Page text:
By Dana Casadei
Meridian Times staff writer
Starting on Sep. 26, many residential streets in the area will be getting resurfaced and starting the following week, Oct. 4, a liquid asphalt rejuvenator/sealer will be put on roads that have been resurfaced within the past few years.
“The goal of the whole program is to make the existing pavements last longer,” said Raymond Severy, the Director of Public Works and Engineering for Meridian Township. “We’re doing minor things for them to last longer.”
The resurfacing is a two-step process, said Severy, first is the Hot In Place Recycling and then an additional inch of asphalt is added to the road, which will strengthen it.
The Hot In Place Recycling heats the existing asphalt, to soften it, and then a second truck with a large rake loosens that up, sprays another type of liquid asphalt on it, which is then mixed by a horizontal auger (a big horizontal screw, which moves it sideways and mixes it up more). It is then all mixed up and comes out of the back of the machine, moving at about five miles an hour, said Severy.
The Hot In Place Recycling is costing roughly $608,730 while the liquid asphalt rejuvenator/sealer will cost $54,630, with both being paid mainly by the Meridian Township’s road millage. The Ingham County Road Commission is paying for 9.4 percent of the Hot In Place Recycling, according to the notice sent out by the Ingham County Road Commission.
Three-fifths of the Meridian Township’s road millage is being used for the Master Plan, which deals with projects such as this one, said Lynn Ochberg, a trustee on Meridian’s Township Board. The other two-fifths are used on maintenance for the roads.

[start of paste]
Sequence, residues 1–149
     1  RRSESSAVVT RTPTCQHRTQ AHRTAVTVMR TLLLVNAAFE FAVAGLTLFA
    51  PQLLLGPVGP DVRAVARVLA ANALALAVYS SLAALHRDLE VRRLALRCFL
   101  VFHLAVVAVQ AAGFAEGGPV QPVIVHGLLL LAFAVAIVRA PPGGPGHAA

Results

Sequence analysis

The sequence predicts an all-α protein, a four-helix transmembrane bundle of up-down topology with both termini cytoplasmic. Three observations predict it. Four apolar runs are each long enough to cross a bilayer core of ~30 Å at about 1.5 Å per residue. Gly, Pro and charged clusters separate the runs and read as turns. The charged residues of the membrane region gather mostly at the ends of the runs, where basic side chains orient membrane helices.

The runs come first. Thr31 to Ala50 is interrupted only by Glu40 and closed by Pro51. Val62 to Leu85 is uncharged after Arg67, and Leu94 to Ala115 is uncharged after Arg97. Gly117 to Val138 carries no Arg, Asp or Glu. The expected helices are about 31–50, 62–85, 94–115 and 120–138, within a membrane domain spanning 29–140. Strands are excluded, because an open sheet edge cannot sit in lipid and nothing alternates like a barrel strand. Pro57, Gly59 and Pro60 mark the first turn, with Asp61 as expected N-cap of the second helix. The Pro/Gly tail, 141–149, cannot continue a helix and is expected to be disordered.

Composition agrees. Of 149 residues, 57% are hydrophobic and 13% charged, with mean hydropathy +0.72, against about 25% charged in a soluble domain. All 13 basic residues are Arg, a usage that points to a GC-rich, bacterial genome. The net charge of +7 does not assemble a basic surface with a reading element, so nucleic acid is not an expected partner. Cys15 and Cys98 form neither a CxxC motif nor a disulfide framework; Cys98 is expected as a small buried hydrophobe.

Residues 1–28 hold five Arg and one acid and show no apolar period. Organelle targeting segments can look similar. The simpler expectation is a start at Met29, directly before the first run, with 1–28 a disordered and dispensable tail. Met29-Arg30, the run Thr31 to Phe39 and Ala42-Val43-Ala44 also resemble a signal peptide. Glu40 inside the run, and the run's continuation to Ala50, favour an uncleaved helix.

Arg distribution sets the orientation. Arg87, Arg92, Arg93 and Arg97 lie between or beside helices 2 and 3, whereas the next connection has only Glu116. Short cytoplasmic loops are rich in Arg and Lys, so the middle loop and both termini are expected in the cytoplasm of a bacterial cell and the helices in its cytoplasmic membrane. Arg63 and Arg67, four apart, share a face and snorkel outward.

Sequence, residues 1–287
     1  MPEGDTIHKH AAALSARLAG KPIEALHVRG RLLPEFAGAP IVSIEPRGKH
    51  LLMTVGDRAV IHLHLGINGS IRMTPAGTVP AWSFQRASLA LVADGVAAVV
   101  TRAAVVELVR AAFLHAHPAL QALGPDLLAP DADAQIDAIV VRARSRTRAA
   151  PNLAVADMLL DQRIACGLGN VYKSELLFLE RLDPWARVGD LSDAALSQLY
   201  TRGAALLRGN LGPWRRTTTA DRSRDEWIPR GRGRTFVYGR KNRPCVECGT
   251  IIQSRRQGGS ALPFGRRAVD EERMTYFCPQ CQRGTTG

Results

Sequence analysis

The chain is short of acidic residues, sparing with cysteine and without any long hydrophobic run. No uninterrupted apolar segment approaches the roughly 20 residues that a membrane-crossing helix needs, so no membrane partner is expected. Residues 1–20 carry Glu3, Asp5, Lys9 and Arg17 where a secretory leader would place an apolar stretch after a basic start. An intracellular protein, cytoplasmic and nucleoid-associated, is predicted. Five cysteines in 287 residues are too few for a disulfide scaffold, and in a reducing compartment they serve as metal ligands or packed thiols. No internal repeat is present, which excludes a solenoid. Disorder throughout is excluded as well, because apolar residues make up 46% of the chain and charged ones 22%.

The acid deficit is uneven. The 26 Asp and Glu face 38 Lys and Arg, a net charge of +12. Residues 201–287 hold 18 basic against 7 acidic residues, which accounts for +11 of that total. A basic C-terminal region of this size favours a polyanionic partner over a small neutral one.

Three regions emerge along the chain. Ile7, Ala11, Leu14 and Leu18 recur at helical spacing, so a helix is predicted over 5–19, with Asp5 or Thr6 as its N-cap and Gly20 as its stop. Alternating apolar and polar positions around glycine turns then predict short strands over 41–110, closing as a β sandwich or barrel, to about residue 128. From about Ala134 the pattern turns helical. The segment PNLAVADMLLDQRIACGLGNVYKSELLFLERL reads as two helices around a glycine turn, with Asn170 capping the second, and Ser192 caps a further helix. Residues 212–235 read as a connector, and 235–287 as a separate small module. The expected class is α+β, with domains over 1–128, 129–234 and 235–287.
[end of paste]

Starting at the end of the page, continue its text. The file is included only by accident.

“Other places have done the worst first policy, which is not a good policy, because the worst ones are always the most expensive.”
Unlike the “worst-first” policy, which takes the worst roads and does them first, Severy said that Meridian is trying to have a mixes of fixes type policy, which consists of doing the right fix at the right time.
According to Severy the resurfacing of the roads should add about ten years and the sealer should extend it another five, which would reduce the maintenance costs to the roads, such as having to fill the cracks, a very important factor.
“We want to do minor things now to make them last longer,” said Severy, which includes the liquid asphalt sealer. The liquid sealer will oxidize the road slower, which will give it a longer life and make it more flexible so it doesn’t crack as quickly.
Luckily for residents both of these projects will allow them to be able to park in their driveways that same evening, said Severy. But residents should make sure to not park their vehicles on the street because they will be towed.